Samsung Developer Conference (SDC) 2018, set for November 7, is when the world's largest smartphone maker reveals its new products and roadmap for the next 12 months. To Samsung, the get together is what WWDC is to Apple, and what I/O is to Google. As the name suggests, this is an event intended for developers rather than consumers, but that doesn't mean Samsung fans shouldn't be excited.
Here are three highlights expected from the Samsung Developer Conference 2018:
1. Samsung's first folding smartphone
Rumored for well over a year, Samsung's first folding smartphone will finally break cover at SDC this week. This is an unusual move for Samsung, which has historically revealed new products at its Unpacked media events; the new Galaxy S typically arrives in February, with the new Note unveiled at a similar event in late-summer.
But the folding phone, dubbed the Galaxy X, is seen as such an important product for Samsung, the company wants to show it off to developers (and the public, as the event is streamed live on YouTube) this week. This gives developers time to modify their existing apps to work on the new form factor — and of course develop new apps — before the phone goes on sale sometime in 2019.
Samsung has said the phone will not be a gimmick and will not be produced in small numbers. This, the company hopes, will be a smartphone to be sold alongside - and in the same quantity as - the rest of its lineup.
Speaking to Reuters on the eve of the conference opening keynote, an unnamed Samsung official said: "Unlike our flagship products, the foldable phone is a completely new concept in terms of design and user experience, which requires a different approach...Before we take it to the market, we want to share with developers what we've done so far and see what they think of it."
Despite being a global leader in smartphones, and consumer technology more generally, Samsung needs the folding phone to be a success. According to IDC and Strategy Analytics, Samsung's smartphone sales fell 13 percent in the third quarter of 2018 compared to the previous year, following a 10 percent decline in the second quarter. Sales also fell in the first quarter of 2018, and the fourth quarter of 2017.
This can partly be blamed on stagnation felt across the smartphone industry. Consumers are holding onto their devices for longer, as annual updates are less appealing than they once were, while prices creep ever upwards.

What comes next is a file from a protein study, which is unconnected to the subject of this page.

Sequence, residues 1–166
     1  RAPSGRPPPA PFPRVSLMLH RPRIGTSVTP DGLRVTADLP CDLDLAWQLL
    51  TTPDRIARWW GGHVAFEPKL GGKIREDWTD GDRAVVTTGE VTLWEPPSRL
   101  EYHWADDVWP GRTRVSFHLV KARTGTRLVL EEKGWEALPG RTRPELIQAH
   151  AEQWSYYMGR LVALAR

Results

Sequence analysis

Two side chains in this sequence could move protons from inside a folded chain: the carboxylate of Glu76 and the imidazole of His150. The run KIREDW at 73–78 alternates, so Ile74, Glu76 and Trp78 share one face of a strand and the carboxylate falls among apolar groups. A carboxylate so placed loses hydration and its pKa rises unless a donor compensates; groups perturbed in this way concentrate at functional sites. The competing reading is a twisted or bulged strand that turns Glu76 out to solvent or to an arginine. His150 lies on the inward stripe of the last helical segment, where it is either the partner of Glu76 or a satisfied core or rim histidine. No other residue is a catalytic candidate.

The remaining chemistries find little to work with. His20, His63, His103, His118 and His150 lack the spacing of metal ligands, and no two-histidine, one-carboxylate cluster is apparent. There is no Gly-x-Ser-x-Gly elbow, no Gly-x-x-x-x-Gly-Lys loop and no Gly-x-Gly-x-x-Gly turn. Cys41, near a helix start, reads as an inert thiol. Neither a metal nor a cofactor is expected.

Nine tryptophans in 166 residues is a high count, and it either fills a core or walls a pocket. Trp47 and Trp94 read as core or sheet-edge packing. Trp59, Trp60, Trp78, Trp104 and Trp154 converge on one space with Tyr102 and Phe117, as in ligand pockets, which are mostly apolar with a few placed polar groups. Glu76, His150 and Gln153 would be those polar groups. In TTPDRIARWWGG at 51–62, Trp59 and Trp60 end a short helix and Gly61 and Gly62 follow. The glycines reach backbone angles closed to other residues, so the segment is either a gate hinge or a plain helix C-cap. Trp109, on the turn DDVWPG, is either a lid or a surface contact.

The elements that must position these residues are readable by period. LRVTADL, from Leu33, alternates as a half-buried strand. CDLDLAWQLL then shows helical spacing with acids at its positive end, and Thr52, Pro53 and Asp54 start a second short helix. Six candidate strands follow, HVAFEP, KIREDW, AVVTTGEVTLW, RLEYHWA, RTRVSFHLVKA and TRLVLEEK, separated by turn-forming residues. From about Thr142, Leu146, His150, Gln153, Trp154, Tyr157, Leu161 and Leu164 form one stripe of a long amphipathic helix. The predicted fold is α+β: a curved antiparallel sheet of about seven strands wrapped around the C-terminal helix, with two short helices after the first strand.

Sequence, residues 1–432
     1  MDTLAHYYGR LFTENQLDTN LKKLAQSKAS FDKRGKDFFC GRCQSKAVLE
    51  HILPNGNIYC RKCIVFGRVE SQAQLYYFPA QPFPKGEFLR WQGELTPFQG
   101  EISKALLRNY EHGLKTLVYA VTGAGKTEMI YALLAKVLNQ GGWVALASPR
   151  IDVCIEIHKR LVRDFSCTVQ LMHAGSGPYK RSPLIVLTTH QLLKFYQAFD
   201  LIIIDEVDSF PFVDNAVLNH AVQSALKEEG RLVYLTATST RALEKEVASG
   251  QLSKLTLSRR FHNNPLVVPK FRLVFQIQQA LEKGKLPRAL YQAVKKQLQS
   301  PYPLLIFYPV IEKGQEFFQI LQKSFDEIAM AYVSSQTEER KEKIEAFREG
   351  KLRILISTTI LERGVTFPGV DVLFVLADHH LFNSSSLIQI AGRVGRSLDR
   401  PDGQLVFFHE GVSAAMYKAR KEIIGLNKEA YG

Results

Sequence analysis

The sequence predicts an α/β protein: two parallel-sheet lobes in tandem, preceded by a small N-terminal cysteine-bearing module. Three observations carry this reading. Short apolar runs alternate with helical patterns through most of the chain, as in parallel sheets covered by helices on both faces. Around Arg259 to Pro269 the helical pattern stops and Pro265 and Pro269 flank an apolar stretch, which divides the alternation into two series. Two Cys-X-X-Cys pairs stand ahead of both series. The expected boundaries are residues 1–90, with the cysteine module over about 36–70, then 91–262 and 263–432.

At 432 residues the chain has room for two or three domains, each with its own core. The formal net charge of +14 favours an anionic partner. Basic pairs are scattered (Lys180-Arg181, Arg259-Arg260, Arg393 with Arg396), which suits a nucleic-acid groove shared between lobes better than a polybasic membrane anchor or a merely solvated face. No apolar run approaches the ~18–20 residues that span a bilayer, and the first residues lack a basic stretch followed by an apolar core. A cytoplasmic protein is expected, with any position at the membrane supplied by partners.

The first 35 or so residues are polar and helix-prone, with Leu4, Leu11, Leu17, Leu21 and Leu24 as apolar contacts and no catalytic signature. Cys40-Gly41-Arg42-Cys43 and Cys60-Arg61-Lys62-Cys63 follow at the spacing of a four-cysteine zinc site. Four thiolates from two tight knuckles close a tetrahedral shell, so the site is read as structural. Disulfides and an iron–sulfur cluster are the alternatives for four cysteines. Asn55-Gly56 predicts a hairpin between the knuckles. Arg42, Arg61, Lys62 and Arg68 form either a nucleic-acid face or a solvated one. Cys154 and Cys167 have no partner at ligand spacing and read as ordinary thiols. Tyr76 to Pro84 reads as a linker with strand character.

A folding phone, combining the portability and pocket-friendly shape of a mid-size smartphone with the large screen of a tablet once unfolded, could help reinvigorate the market. However, with a price likely well above $1,000 — a level the Samsung Note 9 is already at — it may only appeal to well-heeled early adopters.
Huawei, the world's second-largest smartphone maker, is also working on a folding smartphone, which it is expected to reveal in mid-2019, and with 5G capabilities. Both companies, however, were beaten to the punch by Royole, a startup based in the US and China whose FlexPai was announced earlier this month and will be available from late-December.
As for the Samsung, it will likely be seen again ahead of Mobile World Congress in late-February, where the Galaxy S10 is also expected to be announced.
2. Galaxy Home
Samsung first announced the Galaxy Home - its first smart speaker — after the Note 9 reveal event in August. But many details, including the price and release date, were not disclosed, and nothing has been seen of the Galaxy Home since.
This week's developer conference should shed more light on the speaker, which includes Samsung's Bixby voice assistant — an answer to Alexa and Siri — and will compete against the Amazon Echo, Google Home, Sonos One, and Apple HomePod.
The smart speaker market is already a busy one, fought between some of the biggest names in the industry. Samsung is not only late to the party (despite offering its SmartThings home automation platform for several years now), but Bixby is far from the smartest assistant in the class.
Samsung will need to impress at its conference this week; it will need to convince developers to work with Bixby and the Galaxy Home, while also drumming up excitement for the speaker among consumers who may already own one or more of its rivals.
3. Augmented reality
Samsung is yet to get too involved with augmented reality (AR), beyond its questionable attempts with Emoji AR on some smartphones. Instead Apple, Google and Microsoft, plus startups like Magic Leap, have stolen a march on Samsung.
There will be several sessions dedicated to AR over the two-day developer conference, and the event will see a "soft roll-out" of Samsung's Project Whare, a spokesperson told Variety. The project has been described in Samsung job listings as a collection of "cross platform developer services that will power multi-user, shared AR experiences and applications at scale".
What's understood here, is that Samsung wants to create persistent AR experiences by using the cloud. That way, multiple users can all see the same AR objects and experiences, no matter where they are. Apple is working on a similar project with its own AR efforts on iOS.
The same Variety report claims Samsung could reveal a dedicated AR headset at the conference this week, potentially similar to the Microsoft HoloLens and Magic Leap One. However, it isn't clear at this stage if the headset would be aimed at consumers or not.
How to watch the Samsung Developer Conference 2018 onlineThe conference takes place in San Francisco and will kickoff with a keynote address at 10am local time (1pm EST). That keynote will be streamed live on Samsung's YouTube channel.